Is running your own business starting to wear you down? Do you feel more exhausted and more fatigued lately? In this video, I discuss one of the biggest challenges that business owners face today—entrepreneurial exhaustion and how you can overcome that.
Why is entrepreneurial exhaustion bad for business?
Investopedia.com lists entrepreneurial fatigue as one of the biggest challenges business owners face today. Medical studies have shown that stress and exhaustion can lead to mental fatigue or brain fog. Symptoms of brain fog include low energy, irritability, trouble concentrating, headaches, forgetfulness, low motivation—even feeling mildly depressed, anxiety, confusion and insomnia.
Ask yourself this question: what happens to you when you feel tired and fatigued? Fatigue can impact how we behave throughout the day. More serious fatigue can lead to rash decisions about the business, including the desire to abandon it completely.
In short, fatigue is bad for business.
What can you do to overcome exhaustion?
- Learn how to recover
Many athletes understand the importance of recovery (interesting article here).
Recovery means taking pause or resting after participating in a grueling race—or even after the stress of a regular workout. Recovery helps prevent muscle burnout. And just like athletes, business owners need to recover, too, to help manage stress and prevent burnout.
Recovery doesn’t just involve sleeping or resting—it involves taking part in other activities that can restore your general disposition or health. Having a hobby is a good way to recover. Traveling can also help one recover. Taking a daily walk or having weekly coffee with a friend can help clear your mind and help you manage your business better.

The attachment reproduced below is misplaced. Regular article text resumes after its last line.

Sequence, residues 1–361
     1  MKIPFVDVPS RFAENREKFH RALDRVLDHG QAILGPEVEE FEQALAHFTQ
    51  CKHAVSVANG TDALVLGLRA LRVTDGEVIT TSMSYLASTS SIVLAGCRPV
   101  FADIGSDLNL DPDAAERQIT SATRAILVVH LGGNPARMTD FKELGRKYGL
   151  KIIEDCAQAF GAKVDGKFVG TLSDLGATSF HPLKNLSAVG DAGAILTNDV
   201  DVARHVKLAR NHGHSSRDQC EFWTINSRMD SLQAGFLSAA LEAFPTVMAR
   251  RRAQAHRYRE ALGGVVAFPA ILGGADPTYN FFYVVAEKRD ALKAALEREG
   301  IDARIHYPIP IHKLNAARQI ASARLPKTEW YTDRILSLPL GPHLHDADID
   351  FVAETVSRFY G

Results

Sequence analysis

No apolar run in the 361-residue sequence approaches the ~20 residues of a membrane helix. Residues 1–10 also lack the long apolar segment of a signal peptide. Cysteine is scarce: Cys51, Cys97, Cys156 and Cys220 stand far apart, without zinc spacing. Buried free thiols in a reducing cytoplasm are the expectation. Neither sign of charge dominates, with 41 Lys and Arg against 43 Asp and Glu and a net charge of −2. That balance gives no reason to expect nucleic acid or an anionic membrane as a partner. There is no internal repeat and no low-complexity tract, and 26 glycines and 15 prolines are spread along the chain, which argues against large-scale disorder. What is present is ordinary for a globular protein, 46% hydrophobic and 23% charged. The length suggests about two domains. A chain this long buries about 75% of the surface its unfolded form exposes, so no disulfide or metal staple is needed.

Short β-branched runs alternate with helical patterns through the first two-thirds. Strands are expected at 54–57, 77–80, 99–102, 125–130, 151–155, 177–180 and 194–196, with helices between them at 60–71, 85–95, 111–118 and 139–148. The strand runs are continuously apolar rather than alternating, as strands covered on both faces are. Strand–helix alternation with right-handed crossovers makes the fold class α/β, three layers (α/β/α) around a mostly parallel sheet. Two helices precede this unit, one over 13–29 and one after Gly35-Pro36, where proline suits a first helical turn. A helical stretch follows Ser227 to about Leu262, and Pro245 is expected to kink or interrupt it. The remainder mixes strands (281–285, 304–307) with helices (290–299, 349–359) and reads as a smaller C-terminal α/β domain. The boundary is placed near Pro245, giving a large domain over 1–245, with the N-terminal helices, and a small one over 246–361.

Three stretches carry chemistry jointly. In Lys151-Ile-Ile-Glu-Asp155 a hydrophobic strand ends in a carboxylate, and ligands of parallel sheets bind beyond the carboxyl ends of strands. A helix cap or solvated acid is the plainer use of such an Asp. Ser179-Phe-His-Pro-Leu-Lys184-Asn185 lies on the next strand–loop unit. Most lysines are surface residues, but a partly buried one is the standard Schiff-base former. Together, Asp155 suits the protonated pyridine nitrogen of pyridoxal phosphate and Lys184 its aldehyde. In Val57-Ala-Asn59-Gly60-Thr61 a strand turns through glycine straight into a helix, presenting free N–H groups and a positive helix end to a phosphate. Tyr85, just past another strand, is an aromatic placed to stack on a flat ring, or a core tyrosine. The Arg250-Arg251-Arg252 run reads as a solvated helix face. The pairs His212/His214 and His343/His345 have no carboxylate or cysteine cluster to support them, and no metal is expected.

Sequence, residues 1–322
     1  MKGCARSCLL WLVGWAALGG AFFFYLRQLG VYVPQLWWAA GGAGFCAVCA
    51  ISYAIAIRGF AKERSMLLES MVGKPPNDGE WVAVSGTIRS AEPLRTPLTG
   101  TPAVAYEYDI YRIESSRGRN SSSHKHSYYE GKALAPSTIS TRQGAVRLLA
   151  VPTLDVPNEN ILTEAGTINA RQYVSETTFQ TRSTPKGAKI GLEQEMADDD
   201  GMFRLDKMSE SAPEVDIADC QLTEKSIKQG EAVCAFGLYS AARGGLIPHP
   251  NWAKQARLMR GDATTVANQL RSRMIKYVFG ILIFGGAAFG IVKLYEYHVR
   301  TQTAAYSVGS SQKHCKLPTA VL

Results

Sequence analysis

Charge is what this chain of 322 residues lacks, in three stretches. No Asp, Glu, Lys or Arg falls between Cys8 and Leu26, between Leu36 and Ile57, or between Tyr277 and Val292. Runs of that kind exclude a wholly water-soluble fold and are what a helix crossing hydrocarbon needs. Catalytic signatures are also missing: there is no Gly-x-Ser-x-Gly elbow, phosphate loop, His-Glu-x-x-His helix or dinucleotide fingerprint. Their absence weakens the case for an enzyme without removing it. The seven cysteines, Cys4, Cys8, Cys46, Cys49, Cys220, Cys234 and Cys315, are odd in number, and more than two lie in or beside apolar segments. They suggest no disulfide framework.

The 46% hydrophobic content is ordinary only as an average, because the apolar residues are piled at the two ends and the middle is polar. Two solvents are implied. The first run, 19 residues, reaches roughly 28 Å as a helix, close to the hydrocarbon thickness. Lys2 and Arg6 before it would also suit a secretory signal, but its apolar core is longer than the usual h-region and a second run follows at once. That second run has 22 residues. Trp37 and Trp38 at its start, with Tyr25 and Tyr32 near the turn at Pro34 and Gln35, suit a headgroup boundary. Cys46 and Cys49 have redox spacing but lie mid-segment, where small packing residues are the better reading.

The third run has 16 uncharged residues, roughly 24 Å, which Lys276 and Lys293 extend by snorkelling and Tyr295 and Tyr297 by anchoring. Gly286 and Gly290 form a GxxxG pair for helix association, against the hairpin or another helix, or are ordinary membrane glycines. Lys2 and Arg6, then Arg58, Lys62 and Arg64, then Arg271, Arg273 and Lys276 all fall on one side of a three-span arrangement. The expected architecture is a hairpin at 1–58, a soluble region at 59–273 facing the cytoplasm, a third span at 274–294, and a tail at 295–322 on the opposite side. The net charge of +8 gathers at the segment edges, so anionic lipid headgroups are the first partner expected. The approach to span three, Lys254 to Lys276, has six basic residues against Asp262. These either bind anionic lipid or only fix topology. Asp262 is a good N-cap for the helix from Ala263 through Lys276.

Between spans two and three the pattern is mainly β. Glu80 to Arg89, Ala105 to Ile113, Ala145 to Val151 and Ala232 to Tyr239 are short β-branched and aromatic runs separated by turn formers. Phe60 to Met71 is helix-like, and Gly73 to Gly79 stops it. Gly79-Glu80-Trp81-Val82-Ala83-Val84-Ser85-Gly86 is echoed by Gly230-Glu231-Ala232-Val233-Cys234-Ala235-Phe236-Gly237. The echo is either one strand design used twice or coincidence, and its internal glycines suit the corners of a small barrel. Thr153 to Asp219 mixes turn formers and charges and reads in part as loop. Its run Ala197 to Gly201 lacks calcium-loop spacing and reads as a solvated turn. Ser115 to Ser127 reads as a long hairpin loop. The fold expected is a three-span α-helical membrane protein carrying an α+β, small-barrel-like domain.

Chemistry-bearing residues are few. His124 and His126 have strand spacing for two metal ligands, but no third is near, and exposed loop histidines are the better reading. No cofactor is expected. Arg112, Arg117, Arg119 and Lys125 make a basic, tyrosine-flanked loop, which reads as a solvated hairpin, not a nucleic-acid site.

Let’s take a page out of how billionaire Bill Gates de-stresses—he reads an hour before turning in at night and claims that reading has helped him manage his stress. It has also helped him sleep better at night.
Warren Buffett, one of the richest men in the world, plays the ukulele when he feels fatigued. Many studies have shown that reading and playing instruments help manage fatigue and stress.
Sheryl Sandberg of Facebook offers a practical solution to making sure that one finds time to recover every evening—she turns off her mobile phone.
- Look after yourself.
Your are not a machine. Business operations require a good dose of methodical and creative thought processes in order to resolve its daily challenges. A tired mind will find making decisions challenging and difficult—being tired due to lack of sleep and lack of proper nutrition may even cloud your mind.
If you run a creative design firm, for example, you would want your employees to come in every morning in tiptop shape and ready to take on any creative challenge. It’s the same with your own business—your mind and your body needs to be in tiptop shape in order to keep your business in tiptop shape, too.
Taking care of yourself involves sleeping well and eating well. It also involves taking care of your general health—exercising helps, too.
How do famous entrepreneurs take time out of their business schedules to take care of themselves? Oprah Winfrey spends 20 minutes a day to meditate, while Huffington Post’s Ariana Huffington makes time for early morning yoga. Jack Dorsey of Twitter spends an hour a day walking to work so he can step back from the stress of emails and meetings.
- Don’t try to do everything yourself: Pass it on or just ‘Pass it on’
It you find that you have too many things on your plate, look into the idea of delegation and outsourcing. This may be difficult, even trying initially—but those who do it properly see that it pays in the long run. Delegating tasks or outsourcing some areas of your business may save you a lot of time—time that you need to focus on the important areas of your business, such as planning and strategy, instead of you having to worry about its day-to-day operations.
If you are interested to know more about what a business has to go through when facing exponential growth, you can download the first chapter of the book, ”$20K to $20 Million in 2 Years” absolutely free here. The chapter talks about the differences between a good and a great business and puts out questions that make you consider how you can turn your business from good to great.